Blatter’s American lawyer Richard Cullen said he is “very hopeful” the suspension will be lifted on appeal, while his lawyer team back on Thursday argued in a statement that the FIFA Ethics Committee “based its decision [to suspend Blatter] on a misunderstanding of the actions of the attorney general in Switzerland, which has opened an investigation but brought no charge against the president.”

The New York Times obtained a copy of the appeal, in which Blatter’s lawyers demand to see the case file which the Ethics Committee reviewed upon its decision to suspend the 79-year-old. It also asks that he receive a full opportunity to argue his innocence in front of the committee; previously, he was only afforded a short interview with Swiss investigators.

Meanwhile, Platini’s appeal came through Saturday morning and is filed with the Court of Arbitration for Sport. His case has received official, legal backing from the French FA as his home nominating association for the upcoming presidential election. Using the French FA’s support, Platini can bypass the FIFA appeals system which he individually must exhaust before moving to the Court of Arbitration for Sport.

CONMEBOL has also publicly supported Platini, issuing a statement that says it “does not agree” with the decision to suspend him, calling it “untimely and disproportionate” while stating, “The presumption of innocence is a fundamental right that has to be considered. Mr. Platini has not been found guilty of any charge, therefore the provisional ban jeopardizes the integrity of the electoral process to the FIFA presidency, of which Mr. Platini is a candidate.”

Platini has not been replaced at his UEFA presidential post, with no interim leader named. “This is because the UEFA executive committee is aware that the UEFA president will immediately take all necessary steps to appeal the decision of the FIFA ethics committee to clear his name,” UEFA said in a statement. They confirmed he will not continue his duties while under punishment.

The FIFA Executive Committee has announced it will hold an emergency meeting on October 20 to discuss the situation. Among the topics that will be considered will be a decision on whether to postpone the February 26 presidential election.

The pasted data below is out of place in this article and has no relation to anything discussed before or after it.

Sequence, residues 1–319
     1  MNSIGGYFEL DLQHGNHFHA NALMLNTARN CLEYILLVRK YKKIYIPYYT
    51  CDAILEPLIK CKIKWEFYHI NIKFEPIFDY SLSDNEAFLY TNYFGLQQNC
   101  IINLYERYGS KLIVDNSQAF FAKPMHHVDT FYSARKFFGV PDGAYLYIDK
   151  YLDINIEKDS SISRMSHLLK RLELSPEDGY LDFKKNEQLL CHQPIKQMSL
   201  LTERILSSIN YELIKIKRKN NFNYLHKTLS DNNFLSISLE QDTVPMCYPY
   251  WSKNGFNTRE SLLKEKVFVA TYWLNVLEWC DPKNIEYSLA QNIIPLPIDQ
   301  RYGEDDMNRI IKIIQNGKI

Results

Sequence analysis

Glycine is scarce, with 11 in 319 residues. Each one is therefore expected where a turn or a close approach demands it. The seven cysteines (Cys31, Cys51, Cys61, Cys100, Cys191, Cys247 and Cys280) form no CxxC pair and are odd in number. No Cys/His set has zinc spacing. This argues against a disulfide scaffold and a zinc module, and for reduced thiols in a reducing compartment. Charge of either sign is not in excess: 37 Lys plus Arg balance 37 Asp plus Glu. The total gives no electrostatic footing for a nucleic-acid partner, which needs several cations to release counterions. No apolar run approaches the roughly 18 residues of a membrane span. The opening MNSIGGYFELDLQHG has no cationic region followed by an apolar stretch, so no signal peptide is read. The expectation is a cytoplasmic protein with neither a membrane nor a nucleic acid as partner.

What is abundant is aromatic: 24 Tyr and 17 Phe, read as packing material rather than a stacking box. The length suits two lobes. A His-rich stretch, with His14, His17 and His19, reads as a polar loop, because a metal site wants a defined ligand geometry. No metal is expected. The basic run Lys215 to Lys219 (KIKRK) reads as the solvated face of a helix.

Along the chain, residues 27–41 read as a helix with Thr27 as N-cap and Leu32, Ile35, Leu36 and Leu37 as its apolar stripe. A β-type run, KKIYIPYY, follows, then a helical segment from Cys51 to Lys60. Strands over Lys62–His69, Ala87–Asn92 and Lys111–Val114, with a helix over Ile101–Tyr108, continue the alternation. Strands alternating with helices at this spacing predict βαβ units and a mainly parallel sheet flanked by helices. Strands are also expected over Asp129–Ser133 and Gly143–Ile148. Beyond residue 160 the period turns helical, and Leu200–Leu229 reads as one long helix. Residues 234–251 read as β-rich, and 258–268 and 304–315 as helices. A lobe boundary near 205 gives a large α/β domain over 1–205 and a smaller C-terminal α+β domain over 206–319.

Emerson Hyndman says he wishes to leave Fulham amid contract standoff

LONDON, ENGLAND - APRIL 28: Emerson Hyndman of Fulham celebrates after scoring the team's second goal during the FA Youth Cup Final: First Leg match between Fulham and Chelsea at Craven Cottage on April 28, 2014 in London, England. (Photo by Charlie Crowhurst/Getty Images)
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Emerson Hyndman is stuck in an endless circle at his home club Fulham, and the only way out he sees would be to leave.

With his contract set to expire in the upcoming summer, Fulham has been pushing hard for the 19-year-old to lock down a long-term deal as many of his teammates have done in the recent months. Unfortunately, due to reported interest from abroad from teams like Borussia Dortmund, plus others in La Liga and the Dutch Eredivisie, Hyndman has been unwilling to do so thus far.

As a result, the USMNT prospect has seen little playing time, with manager Kit Symons understandably unwilling to let him see the field while he refuses to commit his future to the club. Hyndman has just eight minutes of League Cup play to his name so far this campaign.

Hyndman blames the lack of action as the main reason why he wants to depart, telling American Soccer Now’s Brian Sciaretta that he would like to move on.

“It’s a little difficult right now,” he said. “I’ve told them in the past that I think it’s time for me to move on. There are clubs out there that are interested and that I am excited about, so it’s difficult for me right now, and I can’t see myself getting too many first-team minutes. I feel that I had a good preseason, and I thought I might get a chance, but I am really looking forward to the future more than anything.

Unfortunately, that seems a bit unfair to his club. Why would a Championship club looking to build from within give significant minutes to a player who refuses to sign a long-term deal and looks set to leave in the summer? Then he tags the lack of playing time as the reason he wants to leave. It all seems to be a never-ending cycle.

Hyndman joined the Fulham youth setup at age 15 and flourished last season, making both his club first-team debut and earning a cap with the senior national team. He is currently with the U-23 Olympic team leading the charge for Rio 2016 qualification.

There is no doubting Hyndman’s abilities on the field, but for his sake, he needs to sort out his club situation as quickly as possible to further his growth as a midfielder.